Oh Sally! My year in Edinburgh was one of the best of my life. The city is so so lovely, and on the inside as well as the out: my best friend there was a native, wheelchair-bound with CP, and I can’t tell you how many times (daily) we approached a stranger to carry him, or wheelchair, up and down the (many- medieval city, remember) stairs. I know that sounds nightmarish but really it was truly a delightful way for Scotland, and Edinburgh particularly, to reveal themselves. I lived in the dorms just at the foot of Arthur’s Seat where you injured yourself. That’s a big climb! You’re not alone in pulling muscles!

  7. Anne

    This post brings back memories of college. I spent my Junior year in London. Edinburgh and Swansea were two of my favorite places. I glad you had such a great time. You lit a fire under me to return with my family.

  8. Alison

    Well I LOVE travel posts, when they are like this! Not too long, quick summaries, all the info I desire (including what one wore with photos), and beautiful pictures. Glad you had a great time! <3

  9. Dee

    I am a bit jealous….have not visited London or Scotand, your trip sounded fantastic.Your photos and stories just make me want to go there! I loved the story about the Sunday Roasts, boy that would have really pissed me off though! When it comes to food and I don’t get what I have been looking forward to…watch out! Can’t wait to see your scarves — fun!

  10. Margaret

    What jacket is that you’re wearing in these pictures? I have been looking for a medium-weight waterproof jacket just like that! Where can I get one like yours and is there anything one would need to know about the fit (if the sizing runs large, if you needed it tailored for such a good fit)?

    • Sally

      Margaret, it’s from Eddie Bauer and no longer available, sadly. This one is the current season iteration: There’s also a lined version, but mine is unlined. It runs a wee bit big – I ordered a small for a closer fit. I didn’t get it tailored. Hope that helps!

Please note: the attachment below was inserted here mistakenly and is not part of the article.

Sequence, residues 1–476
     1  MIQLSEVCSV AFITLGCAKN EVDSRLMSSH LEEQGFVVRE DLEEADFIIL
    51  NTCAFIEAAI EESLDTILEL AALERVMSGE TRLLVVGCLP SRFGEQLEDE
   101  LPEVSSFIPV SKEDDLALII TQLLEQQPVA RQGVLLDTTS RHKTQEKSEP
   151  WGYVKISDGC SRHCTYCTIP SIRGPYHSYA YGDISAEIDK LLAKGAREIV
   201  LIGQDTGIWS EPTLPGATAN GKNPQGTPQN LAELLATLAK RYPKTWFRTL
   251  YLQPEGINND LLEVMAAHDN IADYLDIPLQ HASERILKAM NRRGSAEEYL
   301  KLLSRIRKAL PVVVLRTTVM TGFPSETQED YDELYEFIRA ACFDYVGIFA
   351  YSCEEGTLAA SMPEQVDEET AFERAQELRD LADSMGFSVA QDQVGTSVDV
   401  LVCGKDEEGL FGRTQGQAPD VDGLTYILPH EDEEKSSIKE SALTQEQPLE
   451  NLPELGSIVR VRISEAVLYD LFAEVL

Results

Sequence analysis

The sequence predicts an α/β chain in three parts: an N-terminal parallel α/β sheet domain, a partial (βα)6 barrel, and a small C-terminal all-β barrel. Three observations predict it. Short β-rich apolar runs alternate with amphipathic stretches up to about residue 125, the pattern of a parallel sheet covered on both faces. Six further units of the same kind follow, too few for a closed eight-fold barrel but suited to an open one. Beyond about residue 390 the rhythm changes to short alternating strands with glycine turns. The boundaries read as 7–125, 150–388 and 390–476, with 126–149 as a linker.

• paisleyapron

        I was envying the coat you wore, too. I just sent that Girl on the Go Eddie Bauer coat back because it was way oversized, not at all like the pictures. Perhaps I should try again with a smaller size like you suggest.

      • Katie B

        I’ve had great luck with a Merrell raincoat I found on Amazon. I had always thought of them as a shoe-only brand, but I was pleasantly surprised with the quality of the jacket for the price! The exact one I have is no longer available, but Amazon has some other longer, fitted waterproof coats at a great price point.

        • Margaret

          Argh. I thought it might be an Eddie Bauer, and Paisley is just confirming what all the online reviews are saying about that new Girl on the Go coat of theirs (poor fit). After browsing through Lands End, LL Bean (good products, awful colors), and Sierra Trading Post (terrible for returns), I took Katie’s advice and looked into Merrell’s jackets. Thanks, Katie! I love and own some of their wonderful footwear and now I’m going to try out their outerwear. I just wish zappos (love their free returns) carried a couple more Merrell coats to choose from…

  11. Leslie

    Eeeeee!! I’m in the minority, as I LOVE to see other people’s vacation posts. 😀 Bring on the cheesy poses!

    Looks like you had a blast! Thanks for sharing the pictures and the experience. I look forward to seeing your new scarves!

  12. Rose-Anne

    I love your vacation posts, Sally! I think you include just the right amount of photos and tidbits to keep them fun 🙂

  13. Katie

    Love this post! I am always interested in what other people’s travel experiences are like. Especially what lived up to the hype and what didn’t.

  14. Glamdoc

    As Margaret above I found your jacket pretty stylish (see you already replied to her comment). As always GREAT BOOTS, and must say I love the shape of that cap (it´s not quite a baseball cap is it?).

    So glad a vacation was the reason for your blog break, hope you feel rested and/or invigorated somehow (despite jet lag and tired feet). Good to have you back 🙂

    • Sally

      Thank you, my dear! And funnily enough, the cap is HM’s – I borrowed it a couple of times on rainy days. He’d already bought a new one for himself. The cap is by Outdoor Research, in case you’re curious.

  15. Patricia